Work: Performance Reviews are Your Friends (I Promise)

Nervous about your employee review?

No question, it can be daunting to sit down with your boss and frankly assess your job performance, but it can also be incredibly beneficial, especially if you prepare ahead of time and approach it with the right attitude.  When I was just starting out, I found the prospect  seriously intimidating. But once I figured out how good employee reviews could be, it became my favorite time of year.  Don’t roll your eyes! It’s true for me and it could be for you too!

Whether or not your company has a formal review schedule, you should seek out some form of review with your boss at least once a year.  A good manager will welcome the opportunity, and even a bad manager will appreciate that you care about the quality of your job performance

A quick side note here about “bad” managers: chances are very very high that at some point in your career, you’ll have one.  It’s simply part of the working world. When it happens to you (or if it’s happening right now!) don’t waste time and energy wishing your manager would change to fit your needs (because she won’t). Instead, seek to understand and adapt as best you can to your manager’s communication style and the needs and pressures of her job, and focus your energies on doing your job excellently.

Okay, back to employee review!

Preparation for a good review starts early, and I mean really early.  Throughout the year, keep track of your successes. It may help to compile a “review” folder including personal notes, examples of especially noteworthy work, and any emails or comments from third parties complimenting your efforts.  When review time comes around, take the goals that were set for you by you and your boss at the beginning of the year and do a self assessment, citing concrete examples wherever possible.

Be sure to give your self-assessment to your boss ahead of time, so that she has the facts and she also knows where your perceptions of performance may have a gap on the upside or the downside. If you don’t have clear goals or don’t know them, this can take a little legwork, but here are the questions you need to ask:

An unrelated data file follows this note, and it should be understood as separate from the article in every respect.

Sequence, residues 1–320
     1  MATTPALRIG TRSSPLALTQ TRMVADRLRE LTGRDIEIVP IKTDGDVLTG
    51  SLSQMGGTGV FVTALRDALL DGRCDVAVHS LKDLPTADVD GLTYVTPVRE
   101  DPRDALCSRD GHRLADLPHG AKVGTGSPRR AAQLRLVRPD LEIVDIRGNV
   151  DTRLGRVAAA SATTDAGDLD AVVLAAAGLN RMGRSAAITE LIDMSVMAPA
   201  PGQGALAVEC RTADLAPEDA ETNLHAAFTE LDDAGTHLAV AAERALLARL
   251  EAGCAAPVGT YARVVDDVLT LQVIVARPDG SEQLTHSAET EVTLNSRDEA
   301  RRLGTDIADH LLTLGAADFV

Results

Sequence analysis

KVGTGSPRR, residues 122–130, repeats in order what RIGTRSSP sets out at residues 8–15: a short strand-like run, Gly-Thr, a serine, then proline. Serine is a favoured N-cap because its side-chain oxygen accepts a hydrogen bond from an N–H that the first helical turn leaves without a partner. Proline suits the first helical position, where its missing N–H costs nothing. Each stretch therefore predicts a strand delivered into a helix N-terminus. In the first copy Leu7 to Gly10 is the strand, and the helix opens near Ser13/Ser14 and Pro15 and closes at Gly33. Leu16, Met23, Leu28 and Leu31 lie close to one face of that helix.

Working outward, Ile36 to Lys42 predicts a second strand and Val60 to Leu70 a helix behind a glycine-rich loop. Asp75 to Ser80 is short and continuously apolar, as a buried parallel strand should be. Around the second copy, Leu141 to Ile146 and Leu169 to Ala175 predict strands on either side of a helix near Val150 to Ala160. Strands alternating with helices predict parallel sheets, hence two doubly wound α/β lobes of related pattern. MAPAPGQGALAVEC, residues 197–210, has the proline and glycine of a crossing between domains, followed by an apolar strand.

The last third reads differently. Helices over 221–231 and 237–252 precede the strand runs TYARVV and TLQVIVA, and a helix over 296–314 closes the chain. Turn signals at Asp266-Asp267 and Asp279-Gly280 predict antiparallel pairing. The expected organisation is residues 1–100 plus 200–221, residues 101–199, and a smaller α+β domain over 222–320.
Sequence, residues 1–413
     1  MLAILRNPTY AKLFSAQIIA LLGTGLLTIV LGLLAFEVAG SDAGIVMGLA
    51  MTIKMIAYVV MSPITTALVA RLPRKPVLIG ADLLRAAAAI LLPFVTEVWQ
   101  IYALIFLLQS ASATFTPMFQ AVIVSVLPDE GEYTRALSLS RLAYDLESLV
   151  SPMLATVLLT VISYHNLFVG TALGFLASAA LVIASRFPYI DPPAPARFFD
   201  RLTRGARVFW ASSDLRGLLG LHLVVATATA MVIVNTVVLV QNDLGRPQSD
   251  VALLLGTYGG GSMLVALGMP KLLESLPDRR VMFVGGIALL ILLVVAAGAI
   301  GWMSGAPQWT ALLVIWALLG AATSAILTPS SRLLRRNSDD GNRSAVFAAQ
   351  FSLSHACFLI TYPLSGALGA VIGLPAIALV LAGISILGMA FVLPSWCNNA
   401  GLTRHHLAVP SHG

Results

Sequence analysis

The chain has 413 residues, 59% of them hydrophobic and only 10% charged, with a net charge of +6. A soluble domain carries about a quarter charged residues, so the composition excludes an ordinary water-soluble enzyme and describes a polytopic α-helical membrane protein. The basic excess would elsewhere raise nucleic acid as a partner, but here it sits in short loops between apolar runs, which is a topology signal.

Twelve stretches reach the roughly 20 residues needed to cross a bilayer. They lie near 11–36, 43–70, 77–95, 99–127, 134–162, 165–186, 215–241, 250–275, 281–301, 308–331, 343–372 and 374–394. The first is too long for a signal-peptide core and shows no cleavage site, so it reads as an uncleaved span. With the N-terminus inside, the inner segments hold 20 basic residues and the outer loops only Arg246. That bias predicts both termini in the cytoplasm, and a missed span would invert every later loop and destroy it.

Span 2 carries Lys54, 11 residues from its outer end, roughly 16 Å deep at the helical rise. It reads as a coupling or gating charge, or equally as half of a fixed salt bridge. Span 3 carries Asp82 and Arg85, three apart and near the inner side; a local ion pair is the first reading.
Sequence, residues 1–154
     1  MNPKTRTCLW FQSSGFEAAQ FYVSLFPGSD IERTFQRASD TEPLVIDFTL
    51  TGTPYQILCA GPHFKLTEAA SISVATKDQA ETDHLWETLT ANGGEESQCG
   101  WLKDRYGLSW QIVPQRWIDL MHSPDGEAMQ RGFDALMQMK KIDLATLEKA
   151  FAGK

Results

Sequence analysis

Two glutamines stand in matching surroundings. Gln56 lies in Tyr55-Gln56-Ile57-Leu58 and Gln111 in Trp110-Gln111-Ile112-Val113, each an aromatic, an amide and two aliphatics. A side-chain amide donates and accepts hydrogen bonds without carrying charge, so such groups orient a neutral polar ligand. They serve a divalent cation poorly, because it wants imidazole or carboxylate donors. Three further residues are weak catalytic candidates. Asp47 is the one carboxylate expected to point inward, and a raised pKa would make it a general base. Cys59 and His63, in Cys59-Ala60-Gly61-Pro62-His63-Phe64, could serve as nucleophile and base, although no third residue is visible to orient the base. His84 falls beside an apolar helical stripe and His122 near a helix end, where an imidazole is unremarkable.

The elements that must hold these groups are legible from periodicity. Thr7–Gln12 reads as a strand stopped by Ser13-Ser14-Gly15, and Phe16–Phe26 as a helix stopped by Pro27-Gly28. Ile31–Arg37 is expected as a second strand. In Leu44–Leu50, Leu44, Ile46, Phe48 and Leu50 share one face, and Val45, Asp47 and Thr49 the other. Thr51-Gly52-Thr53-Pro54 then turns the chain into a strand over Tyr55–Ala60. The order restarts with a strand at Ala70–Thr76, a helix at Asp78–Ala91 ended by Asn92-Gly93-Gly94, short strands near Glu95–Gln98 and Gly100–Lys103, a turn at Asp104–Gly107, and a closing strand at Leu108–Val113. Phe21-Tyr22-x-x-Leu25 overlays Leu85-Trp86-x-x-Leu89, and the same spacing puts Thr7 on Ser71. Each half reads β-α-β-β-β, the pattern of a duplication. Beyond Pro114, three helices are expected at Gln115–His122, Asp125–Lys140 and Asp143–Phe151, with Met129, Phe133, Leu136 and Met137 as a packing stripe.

Also prepare goals for the coming year and give them to your boss prior to the meeting so that you can agree upon where you are to be focused and how your results will be measured.

Go in with a very open and positive attitude and be ready to learn from the time together. Yes, YOU MIGHT HEAR SOMETHING THAT’S UNCOMFORTABLE, but here’s the thing: you do some things really well, and that’s great.  You can keep doing those things well forever, but if that’s all you do, your overall job performance will never really improve. The only way to truly get better at your job is to target your weaknesses, and that means being open to hearing about them.

If you can, try meeting somewhere away from the office (over lunch or coffee) so that the atmosphere is more casual and relaxed. Be prepared to give your boss feedback too (diplomatically of course!). This is a two way conversation, and a boss will often ask you how she can work with you better. Do you work best with clear deadlines or open-ended projects? Would you benefit from a more flexible schedule or do you respond better to structure? A thoughtful answer shows that you care about doing your job as well as possible.

Consider scheduling a short follow-up meeting a month or two after your review to discuss your progress in any “development” areas.  I know, I know, you were nervous about one review, and I’m asking you to schedule extras.  But it shows great initiative, and as a manager, nothing is better than knowing an employee is committed to improvement.

Any questions? Ask them in the comments, and I’ll do my best to answer!